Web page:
This is a unique book, with a sense of humor unlike any book I’ve ever read before. I’ve always wondered what life would be like if I could go back in time and tell my younger self what to do/not to do, and this book tells a wonderful story about that exact dilemma. At what point, despite all the things that can go wrong in your life, do you just have to start moving forward? While mostly funny, Q: A Novel is also poignant, and has an awesome surprise ending. A must read for readers looking for something out of the ordinary.

LC

A Secret Gift: How One Man's Kindness - and a Trove of Letters - Revealed the Hidden History of the Great Depression

A Secret Gift: How One Man's Kindness - and a Trove of Letters - Revealed the Hidden History of the Great Depression
By Ted Gup
Penguin Press, 2010.  365 pgs. Nonfiction

Finding an old suitcase full of letters addressed to B. Virdot in his grandfather Sam Stone's attic, Ted Gup embarks on a quest to discover the fates of those who sent them. In the depths of the Great Depression, using the pseudonym B. Virdot, Sam Stone ran a newspaper ad offering Christmas cash to needy families in Canton, Ohio. The author searches newspapers, birth and death records, prison records, all in an attempt to learn what happened to the people his grandfather helped.  Discovering their fates, he also learned about the intense suffering people experienced during the Depression and the secrets of his grandfather's past. SH

The Wright Brothers

Cover image for The Wright brothers
The Wright Brothers
By David McCullough
Simon & Schuster, 2015. 320 pages. Nonfiction

David McCullough is such a household name among history enthusiasts, he doesn’t need me to review this book. However, as much as I enjoy history, this is the first of his titles I’ve read. I actually didn’t even know about the book until I listened to a great interview with McCullough on this podcast, which is worth a listen.

McCullough’s popularity is definitely deserved. Painstakingly and thoroughly researched, this book could be chock full of facts but have no heart. Instead, drawing from the countless letters the Wright brothers wrote, McCullough makes the entire Wright family come to life. The brothers are praised for a solid work ethic and for their determination not to give up, even when the odds were stacked against them. If the brothers are praised a little overmuch, you can’t fault McCullough for being a little star-struck. The brothers solved the problem of flight even when other, better-funded teams were getting nowhere.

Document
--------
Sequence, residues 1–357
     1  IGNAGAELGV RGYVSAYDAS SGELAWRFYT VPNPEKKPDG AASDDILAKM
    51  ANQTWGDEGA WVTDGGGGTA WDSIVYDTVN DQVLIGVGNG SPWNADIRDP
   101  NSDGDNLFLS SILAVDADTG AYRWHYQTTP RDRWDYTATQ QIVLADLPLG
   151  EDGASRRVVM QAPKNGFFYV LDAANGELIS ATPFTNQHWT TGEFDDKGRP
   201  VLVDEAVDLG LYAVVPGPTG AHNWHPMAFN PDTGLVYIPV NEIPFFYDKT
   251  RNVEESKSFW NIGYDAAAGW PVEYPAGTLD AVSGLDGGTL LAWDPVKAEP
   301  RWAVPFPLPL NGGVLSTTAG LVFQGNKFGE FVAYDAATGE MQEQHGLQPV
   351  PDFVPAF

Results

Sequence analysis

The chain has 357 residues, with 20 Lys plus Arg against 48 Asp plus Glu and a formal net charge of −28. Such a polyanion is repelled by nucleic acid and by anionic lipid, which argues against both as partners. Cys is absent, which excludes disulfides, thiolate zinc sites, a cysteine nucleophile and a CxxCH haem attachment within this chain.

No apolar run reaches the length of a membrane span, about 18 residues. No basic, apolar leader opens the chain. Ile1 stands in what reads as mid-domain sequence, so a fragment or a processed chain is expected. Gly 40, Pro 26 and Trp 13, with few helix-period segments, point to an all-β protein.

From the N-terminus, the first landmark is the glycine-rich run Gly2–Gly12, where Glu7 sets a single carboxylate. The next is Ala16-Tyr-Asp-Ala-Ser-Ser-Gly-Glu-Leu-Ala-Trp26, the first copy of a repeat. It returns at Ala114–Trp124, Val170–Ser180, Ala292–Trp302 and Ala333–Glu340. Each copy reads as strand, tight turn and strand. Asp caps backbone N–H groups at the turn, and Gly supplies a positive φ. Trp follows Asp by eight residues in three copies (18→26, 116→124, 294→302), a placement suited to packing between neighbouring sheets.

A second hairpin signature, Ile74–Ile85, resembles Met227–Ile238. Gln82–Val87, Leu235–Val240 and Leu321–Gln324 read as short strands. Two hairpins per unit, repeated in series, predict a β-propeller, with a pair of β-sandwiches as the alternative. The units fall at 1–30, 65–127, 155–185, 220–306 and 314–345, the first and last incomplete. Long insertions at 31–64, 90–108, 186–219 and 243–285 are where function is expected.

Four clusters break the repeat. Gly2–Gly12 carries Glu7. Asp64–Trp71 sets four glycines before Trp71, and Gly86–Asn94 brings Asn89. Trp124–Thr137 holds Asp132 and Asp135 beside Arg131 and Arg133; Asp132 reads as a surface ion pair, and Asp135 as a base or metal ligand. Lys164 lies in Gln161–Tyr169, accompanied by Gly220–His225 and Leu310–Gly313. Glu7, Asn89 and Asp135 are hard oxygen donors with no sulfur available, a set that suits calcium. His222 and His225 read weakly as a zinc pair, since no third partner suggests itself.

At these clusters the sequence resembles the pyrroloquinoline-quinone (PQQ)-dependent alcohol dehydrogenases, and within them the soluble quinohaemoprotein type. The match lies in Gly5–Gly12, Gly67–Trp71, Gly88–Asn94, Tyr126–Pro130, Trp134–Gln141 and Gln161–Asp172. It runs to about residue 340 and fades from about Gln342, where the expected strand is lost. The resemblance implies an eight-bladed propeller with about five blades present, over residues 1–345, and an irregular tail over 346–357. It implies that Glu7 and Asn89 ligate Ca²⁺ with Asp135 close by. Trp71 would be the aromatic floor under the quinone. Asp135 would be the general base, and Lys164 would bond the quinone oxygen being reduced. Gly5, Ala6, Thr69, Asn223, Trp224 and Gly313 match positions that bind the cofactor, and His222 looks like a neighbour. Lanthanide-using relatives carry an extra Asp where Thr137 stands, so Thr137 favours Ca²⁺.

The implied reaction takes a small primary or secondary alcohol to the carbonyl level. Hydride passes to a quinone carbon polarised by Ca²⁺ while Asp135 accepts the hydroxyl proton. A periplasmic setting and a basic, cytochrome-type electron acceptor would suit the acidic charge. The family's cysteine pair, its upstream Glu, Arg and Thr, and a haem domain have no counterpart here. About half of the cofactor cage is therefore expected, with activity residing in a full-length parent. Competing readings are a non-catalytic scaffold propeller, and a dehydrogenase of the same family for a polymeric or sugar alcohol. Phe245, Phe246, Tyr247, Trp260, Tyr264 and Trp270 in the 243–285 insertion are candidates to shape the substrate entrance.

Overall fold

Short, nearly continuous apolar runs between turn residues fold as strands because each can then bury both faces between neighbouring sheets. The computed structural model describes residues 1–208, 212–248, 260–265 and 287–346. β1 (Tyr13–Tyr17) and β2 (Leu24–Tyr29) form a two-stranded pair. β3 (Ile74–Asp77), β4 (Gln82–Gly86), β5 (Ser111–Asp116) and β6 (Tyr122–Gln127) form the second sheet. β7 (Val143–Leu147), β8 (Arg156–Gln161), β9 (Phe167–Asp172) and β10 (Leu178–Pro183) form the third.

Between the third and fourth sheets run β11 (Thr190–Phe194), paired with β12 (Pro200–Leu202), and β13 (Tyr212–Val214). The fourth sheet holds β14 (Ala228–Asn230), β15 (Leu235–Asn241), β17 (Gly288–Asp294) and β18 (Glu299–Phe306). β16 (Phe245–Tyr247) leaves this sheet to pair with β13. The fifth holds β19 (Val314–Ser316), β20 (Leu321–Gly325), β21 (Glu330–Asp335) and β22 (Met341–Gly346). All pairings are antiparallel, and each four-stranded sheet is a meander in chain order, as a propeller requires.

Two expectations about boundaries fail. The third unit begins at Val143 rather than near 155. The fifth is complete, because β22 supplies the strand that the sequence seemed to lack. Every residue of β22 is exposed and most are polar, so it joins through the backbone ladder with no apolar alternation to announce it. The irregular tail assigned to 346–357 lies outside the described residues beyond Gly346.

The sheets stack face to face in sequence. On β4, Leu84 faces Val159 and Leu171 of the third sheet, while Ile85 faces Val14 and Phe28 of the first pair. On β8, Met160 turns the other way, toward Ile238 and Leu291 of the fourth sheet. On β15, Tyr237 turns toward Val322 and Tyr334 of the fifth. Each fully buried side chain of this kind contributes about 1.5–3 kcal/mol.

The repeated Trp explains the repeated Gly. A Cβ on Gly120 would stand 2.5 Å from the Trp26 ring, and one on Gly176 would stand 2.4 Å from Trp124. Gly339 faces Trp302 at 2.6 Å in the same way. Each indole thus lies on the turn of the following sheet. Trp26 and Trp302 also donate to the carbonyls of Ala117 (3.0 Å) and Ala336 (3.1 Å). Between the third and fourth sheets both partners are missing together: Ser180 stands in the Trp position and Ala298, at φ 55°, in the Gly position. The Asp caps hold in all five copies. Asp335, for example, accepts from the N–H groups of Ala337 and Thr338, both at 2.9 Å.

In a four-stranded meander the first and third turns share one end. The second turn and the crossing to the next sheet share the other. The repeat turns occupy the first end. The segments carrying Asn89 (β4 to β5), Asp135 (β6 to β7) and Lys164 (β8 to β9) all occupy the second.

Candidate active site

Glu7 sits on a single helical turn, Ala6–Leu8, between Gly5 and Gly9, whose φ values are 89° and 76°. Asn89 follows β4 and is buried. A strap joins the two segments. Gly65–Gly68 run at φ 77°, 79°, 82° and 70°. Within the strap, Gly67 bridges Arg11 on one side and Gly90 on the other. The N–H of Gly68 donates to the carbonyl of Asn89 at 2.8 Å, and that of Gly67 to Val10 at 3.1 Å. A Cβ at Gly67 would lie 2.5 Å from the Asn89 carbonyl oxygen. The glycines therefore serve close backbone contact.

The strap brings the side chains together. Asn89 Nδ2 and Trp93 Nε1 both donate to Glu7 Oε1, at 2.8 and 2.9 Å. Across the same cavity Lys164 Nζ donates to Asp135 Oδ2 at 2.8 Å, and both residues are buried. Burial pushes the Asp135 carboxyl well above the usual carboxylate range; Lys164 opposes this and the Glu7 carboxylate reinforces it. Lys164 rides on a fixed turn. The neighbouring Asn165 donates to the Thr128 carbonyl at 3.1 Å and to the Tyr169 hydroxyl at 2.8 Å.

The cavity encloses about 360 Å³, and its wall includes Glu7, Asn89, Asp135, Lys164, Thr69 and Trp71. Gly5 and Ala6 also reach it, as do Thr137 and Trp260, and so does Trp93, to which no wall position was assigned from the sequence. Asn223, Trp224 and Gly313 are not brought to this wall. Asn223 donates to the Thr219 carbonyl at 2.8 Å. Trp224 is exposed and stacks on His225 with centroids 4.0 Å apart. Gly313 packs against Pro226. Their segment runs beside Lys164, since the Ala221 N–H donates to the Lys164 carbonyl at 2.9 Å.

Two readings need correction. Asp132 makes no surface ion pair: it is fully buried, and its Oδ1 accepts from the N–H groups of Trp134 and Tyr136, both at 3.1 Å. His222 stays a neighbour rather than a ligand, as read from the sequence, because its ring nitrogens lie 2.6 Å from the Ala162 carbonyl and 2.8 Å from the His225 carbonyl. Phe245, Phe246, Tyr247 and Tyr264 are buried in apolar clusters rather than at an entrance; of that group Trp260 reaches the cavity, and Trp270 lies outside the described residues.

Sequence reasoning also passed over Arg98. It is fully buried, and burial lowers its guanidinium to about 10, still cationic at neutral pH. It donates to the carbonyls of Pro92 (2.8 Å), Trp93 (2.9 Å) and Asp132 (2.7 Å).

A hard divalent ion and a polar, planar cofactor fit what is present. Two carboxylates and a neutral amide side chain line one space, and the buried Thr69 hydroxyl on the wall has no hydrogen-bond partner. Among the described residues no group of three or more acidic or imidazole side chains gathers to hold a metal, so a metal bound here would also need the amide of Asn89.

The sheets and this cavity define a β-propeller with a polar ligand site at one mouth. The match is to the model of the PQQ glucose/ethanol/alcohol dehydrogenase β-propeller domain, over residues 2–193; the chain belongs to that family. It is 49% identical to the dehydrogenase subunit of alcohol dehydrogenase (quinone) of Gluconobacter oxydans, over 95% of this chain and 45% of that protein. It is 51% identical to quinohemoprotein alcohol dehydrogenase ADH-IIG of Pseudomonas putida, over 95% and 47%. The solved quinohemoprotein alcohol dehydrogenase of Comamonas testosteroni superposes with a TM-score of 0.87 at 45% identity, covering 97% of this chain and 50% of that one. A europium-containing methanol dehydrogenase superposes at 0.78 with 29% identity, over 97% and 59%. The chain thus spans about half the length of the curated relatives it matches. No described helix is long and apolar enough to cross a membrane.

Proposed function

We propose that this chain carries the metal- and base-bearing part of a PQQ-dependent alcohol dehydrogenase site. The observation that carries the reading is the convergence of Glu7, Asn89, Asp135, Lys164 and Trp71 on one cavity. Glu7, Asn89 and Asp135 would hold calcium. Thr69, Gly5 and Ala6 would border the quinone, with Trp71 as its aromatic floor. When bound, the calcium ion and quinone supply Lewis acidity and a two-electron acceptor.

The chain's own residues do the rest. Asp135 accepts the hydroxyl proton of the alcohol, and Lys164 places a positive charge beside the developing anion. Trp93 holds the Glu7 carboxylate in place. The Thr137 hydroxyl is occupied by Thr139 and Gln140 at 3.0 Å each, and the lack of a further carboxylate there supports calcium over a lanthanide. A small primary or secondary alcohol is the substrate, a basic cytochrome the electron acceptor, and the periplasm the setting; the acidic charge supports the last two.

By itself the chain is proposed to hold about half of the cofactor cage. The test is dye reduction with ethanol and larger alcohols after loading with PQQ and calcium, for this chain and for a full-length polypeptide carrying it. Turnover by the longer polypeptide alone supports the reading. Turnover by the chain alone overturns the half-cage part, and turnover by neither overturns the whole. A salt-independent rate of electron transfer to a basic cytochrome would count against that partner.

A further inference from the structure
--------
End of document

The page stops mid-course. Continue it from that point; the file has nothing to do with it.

The audio book is read by the author and he reads in a nice, clear voice.

MB

Saturday, September 5, 2015

A Heart Revealed

A Heart Revealed
By Josi S. Kilpack
Shadow Mountain, 2015. 324 pgs. Romance

Amber Sterlington is the most popular girl of the London season. She could have her pick of any of the eligible young men but is having too much fun to settle down to a decision. She is selfish and mean spirited to the other women around her, especially her sister, but she justifies her actions as necessary in the effort to secure a good match. Soon, through no fault of her own, she finds herself exiled to a small country home with only one servant and little hope of returning to the the lifestyle she has always known. She discovers many important things about herself and her focus starts to shift to what is truly important. There may even be room for love again if she can overcome her own insecurities.

Josi Kilpack is best know for her culinary mysteries and this book is a big departure for her but I feel she did a very good job with this Regency romance. This novel is part of Shadow Mountains line of  Proper Romances which means they are clean, feel good titles. Other books to fall into this category are Edenbrooke by Julianne Donaldson and Longing for Home by Sarah Eden.